My Personal Experience with Bee Sting
My first experience (hopefully last) with bee sting was when I was in high school. I was helping my parents in removing weeds in our small eggplant garden. Out of curiosity, I tried to catch a bee silently collecting nectar from an eggplant flower. I did catch the bee but I involuntarily released it after few seconds because I felt a sudden and intense pain somewhere in my thumb. Ouch…I was stung by the angry bee! I didn’t expect it to happen. (Seriously!) I had no intention to kill the bee; I just wanted to experience holding it with my bare hands. It’s too late for me to realize that bees don’t like to be touched. Blah, blah, blah…enough reasoning.
I’ve saw the pricked area swelling badly. When I noticed the bee’s black stinger injected in the middle part of the raised area of my thumb, I quickly removed it using my finger nails. I didn’t know what to do to ease the pain. Bee sting is five times more painful than ordinary ant sting (though the feeling is subjective). I didn’t ask my parents any remedy for the bee sting because I was afraid that they may “laugh at me” for my stupid curiosity. Without any medication whatsoever, I just withstood the pain for hours. The next day, the pain was gone but the swelling did not subside completely. I forgot the number of days passed until the swelling was completely gone.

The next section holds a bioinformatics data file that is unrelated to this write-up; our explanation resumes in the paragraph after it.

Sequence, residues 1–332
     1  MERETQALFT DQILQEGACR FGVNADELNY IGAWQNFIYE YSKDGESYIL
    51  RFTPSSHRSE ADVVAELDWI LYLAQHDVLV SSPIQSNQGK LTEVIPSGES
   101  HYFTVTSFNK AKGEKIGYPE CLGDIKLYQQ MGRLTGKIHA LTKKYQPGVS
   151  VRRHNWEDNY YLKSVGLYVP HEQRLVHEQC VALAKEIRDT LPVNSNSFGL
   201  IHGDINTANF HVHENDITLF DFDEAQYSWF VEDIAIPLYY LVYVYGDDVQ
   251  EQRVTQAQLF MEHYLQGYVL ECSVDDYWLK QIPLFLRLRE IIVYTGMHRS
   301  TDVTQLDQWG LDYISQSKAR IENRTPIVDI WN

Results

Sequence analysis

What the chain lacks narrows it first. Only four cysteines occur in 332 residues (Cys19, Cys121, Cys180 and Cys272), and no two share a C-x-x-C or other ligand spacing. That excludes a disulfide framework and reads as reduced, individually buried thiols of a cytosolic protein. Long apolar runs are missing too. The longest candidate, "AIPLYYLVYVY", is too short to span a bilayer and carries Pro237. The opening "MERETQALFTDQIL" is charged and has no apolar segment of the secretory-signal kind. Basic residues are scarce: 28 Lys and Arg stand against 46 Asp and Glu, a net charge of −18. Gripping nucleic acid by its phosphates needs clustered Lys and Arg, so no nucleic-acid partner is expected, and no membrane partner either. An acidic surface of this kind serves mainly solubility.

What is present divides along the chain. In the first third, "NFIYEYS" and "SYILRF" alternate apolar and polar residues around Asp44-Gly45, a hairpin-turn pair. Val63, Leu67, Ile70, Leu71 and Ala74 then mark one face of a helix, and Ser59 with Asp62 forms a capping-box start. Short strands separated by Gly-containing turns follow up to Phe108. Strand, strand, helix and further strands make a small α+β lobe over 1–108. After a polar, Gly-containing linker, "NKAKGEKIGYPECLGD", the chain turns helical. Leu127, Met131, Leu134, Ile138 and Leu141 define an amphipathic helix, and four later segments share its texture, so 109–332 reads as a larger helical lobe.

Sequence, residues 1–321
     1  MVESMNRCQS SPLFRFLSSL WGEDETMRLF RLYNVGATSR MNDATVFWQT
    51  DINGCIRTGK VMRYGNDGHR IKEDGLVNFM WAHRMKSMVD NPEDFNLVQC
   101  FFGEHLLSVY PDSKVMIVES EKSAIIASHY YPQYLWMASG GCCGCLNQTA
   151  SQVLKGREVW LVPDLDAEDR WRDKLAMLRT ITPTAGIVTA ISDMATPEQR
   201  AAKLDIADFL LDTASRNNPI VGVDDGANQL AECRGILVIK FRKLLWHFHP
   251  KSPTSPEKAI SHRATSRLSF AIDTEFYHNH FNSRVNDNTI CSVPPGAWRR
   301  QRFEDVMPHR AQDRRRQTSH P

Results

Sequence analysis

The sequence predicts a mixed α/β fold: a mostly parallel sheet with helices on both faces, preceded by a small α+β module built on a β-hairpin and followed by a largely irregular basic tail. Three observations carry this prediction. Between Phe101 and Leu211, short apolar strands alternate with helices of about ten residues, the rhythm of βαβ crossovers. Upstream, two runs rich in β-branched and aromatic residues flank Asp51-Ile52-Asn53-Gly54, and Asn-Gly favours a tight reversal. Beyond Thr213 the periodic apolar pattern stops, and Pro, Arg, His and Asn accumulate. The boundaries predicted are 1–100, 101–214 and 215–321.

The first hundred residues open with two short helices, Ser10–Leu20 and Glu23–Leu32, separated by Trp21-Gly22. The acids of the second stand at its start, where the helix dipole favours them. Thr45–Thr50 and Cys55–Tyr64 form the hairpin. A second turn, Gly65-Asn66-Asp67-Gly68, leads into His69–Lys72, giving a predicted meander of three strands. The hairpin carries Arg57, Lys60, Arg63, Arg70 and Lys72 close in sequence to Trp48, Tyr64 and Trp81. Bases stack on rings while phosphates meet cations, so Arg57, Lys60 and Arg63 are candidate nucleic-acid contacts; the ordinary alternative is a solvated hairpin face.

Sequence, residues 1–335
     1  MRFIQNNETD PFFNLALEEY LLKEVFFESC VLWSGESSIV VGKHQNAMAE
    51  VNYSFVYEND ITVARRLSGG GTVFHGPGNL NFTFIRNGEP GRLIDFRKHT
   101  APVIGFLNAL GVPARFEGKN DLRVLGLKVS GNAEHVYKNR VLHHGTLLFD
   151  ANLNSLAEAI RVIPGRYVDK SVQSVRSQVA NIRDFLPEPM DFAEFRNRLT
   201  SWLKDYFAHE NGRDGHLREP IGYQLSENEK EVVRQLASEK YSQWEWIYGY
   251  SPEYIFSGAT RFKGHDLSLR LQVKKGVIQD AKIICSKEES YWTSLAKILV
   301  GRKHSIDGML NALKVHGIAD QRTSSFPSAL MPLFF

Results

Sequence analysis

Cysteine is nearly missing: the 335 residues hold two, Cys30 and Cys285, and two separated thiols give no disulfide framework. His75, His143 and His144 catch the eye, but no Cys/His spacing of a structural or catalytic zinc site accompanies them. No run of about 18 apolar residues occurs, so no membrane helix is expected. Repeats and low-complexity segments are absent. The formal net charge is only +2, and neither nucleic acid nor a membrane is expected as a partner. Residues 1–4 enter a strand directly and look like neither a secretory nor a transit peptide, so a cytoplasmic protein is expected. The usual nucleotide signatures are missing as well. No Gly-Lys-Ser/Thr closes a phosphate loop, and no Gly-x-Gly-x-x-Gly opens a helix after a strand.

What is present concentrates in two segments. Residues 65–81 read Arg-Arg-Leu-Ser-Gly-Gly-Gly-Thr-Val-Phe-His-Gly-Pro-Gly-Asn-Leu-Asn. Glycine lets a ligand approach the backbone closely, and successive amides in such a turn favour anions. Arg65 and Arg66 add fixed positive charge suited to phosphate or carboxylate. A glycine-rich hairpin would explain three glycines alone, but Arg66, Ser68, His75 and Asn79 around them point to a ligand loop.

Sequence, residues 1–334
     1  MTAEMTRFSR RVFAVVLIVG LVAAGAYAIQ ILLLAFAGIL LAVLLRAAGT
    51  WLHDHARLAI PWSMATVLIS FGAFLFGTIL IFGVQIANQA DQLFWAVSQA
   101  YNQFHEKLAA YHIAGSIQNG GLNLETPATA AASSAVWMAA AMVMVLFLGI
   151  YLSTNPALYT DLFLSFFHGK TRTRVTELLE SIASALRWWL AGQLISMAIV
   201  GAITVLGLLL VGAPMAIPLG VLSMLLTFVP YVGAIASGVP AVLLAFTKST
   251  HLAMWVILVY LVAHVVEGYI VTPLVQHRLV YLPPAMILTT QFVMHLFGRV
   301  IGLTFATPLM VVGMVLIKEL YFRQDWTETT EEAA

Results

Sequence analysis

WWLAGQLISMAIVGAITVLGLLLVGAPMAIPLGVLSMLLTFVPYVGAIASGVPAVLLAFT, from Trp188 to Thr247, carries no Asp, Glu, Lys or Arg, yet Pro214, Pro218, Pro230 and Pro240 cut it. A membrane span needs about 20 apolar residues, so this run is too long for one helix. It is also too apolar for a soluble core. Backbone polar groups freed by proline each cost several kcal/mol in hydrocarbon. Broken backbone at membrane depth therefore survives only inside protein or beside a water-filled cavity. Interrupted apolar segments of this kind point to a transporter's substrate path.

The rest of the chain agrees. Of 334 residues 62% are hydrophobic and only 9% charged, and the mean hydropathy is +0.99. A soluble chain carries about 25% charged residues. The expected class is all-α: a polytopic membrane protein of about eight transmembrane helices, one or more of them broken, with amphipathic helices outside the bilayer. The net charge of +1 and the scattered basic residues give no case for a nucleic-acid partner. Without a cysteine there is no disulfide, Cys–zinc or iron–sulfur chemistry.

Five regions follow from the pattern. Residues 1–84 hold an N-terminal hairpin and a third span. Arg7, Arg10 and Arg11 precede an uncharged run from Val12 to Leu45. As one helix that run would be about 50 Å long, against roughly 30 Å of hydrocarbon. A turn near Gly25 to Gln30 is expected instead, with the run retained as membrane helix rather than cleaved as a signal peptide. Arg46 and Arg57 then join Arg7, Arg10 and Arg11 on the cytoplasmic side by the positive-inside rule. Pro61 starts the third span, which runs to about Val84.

Though I am not anticipating another bee sting in the future, I believe that knowledge on bee sting treatments or remedies is very important. What if my future children will get stung by a bee, what will I do? I cannot just stand there watching my children crying in pain. I have to do something. I read a lot of articles in the internet about bee sting remedies. I want to share with you, what I’ve learned.
Bee Venom Composition
Bee venom contains melittin (a toxin) as well as histamine and other biogenic amines that cause pain and itching to vertebrates. The venom signifies the adaptation of bees against predation. They use it to protect their colony from predators. When they inject their stingers to the skin of vertebrates, a large portion of their abdomen is ruptured. This injury causes their death.
Bee Venom and Allergy
Bee venom contains certain proteins that can trigger allergic reaction to an individual. The most dangerous symptom of bee venom allergy is anaphylactic shock which is marked by a serious drop in blood pressure, breathing difficulty, and loss of consciousness. Since anaphylactic shock is deadly, immediate medical help is needed for the patient. Epinephrine injection is the best treatment for anaphylactic shock. It relaxes the airways and constricts blood vessels to increase blood pressure. Individuals who are highly allergic to bee venom and survived anaphylactic shock before should carry with them self-injectable EpiPen.
Home Remedies for Bee Sting
Bee Sting Removal and Cold Compress